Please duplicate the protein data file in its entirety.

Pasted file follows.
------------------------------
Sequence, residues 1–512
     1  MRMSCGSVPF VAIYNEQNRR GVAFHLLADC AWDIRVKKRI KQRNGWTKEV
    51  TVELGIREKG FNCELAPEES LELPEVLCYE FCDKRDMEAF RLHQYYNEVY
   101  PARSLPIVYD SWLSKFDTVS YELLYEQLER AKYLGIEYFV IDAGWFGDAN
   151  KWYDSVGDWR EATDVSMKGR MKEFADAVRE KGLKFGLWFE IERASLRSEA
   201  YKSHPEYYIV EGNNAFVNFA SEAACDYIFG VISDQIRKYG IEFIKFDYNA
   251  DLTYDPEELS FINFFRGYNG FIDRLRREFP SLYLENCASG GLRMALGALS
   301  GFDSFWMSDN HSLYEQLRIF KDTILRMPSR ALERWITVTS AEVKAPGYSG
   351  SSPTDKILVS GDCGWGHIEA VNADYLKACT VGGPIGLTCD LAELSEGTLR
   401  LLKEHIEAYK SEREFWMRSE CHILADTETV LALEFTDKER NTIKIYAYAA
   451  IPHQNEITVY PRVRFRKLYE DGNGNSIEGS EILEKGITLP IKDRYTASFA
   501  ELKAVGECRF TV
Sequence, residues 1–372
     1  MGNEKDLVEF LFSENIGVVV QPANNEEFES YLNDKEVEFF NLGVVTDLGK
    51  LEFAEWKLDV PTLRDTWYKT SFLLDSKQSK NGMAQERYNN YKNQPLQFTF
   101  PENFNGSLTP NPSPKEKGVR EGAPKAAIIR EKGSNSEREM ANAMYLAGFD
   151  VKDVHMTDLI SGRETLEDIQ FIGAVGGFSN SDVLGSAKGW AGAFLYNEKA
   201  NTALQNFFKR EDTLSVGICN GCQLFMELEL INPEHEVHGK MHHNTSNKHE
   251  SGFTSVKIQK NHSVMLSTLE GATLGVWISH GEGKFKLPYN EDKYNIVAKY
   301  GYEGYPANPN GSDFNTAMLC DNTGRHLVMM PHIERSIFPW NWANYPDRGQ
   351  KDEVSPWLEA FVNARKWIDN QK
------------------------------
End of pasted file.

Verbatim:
Sequence, residues 1–512
     1  MRMSCGSVPF VAIYNEQNRR GVAFHLLADC AWDIRVKKRI KQRNGWTKEV
    51  TVELGIREKG FNCELAPEES LELPEVLCYE FCDKRDMEAF RLHQYYNEVY
   101  PARSLPIVYD SWLSKFDTVS YELLYEQLER AKYLGIEYFV IDAGWFGDAN
   151  KWYDSVGDWR EATDVSMKGR MKEFADAVRE KGLKFGLWFE IERASLRSEA
   201  YKSHPEYYIV EGNNAFVNFA SEAACDYIFG VISDQIRKYG IEFIKFDYNA
   251  DLTYDPEELS FINFFRGYNG FIDRLRREFP SLYLENCASG GLRMALGALS
   301  GFDSFWMSDN HSLYEQLRIF KDTILRMPSR ALERWITVTS AEVKAPGYSG
   351  SSPTDKILVS GDCGWGHIEA VNADYLKACT VGGPIGLTCD LAELSEGTLR
   401  LLKEHIEAYK SEREFWMRSE CHILADTETV LALEFTDKER NTIKIYAYAA
   451  IPHQNEITVY PRVRFRKLYE DGNGNSIEGS EILEKGITLP IKDRYTASFA
   501  ELKAVGECRF TV
Sequence, residues 1–372
     1  MGNEKDLVEF LFSENIGVVV QPANNEEFES YLNDKEVEFF NLGVVTDLGK
    51  LEFAEWKLDV PTLRDTWYKT SFLLDSKQSK NGMAQERYNN YKNQPLQFTF
   101  PENFNGSLTP NPSPKEKGVR EGAPKAAIIR EKGSNSEREM ANAMYLAGFD
   151  VKDVHMTDLI SGRETLEDIQ FIGAVGGFSN SDVLGSAKGW AGAFLYNEKA
   201  NTALQNFFKR EDTLSVGICN GCQLFMELEL INPEHEVHGK MHHNTSNKHE
   251  SGFTSVKIQK NHSVMLSTLE GATLGVWISH GEGKFKLPYN EDKYNIVAKY
   301  GYEGYPANPN GSDFNTAMLC DNTGRHLVMM PHIERSIFPW NWANYPDRGQ
   351  KDEVSPWLEA FVNARKWIDN QK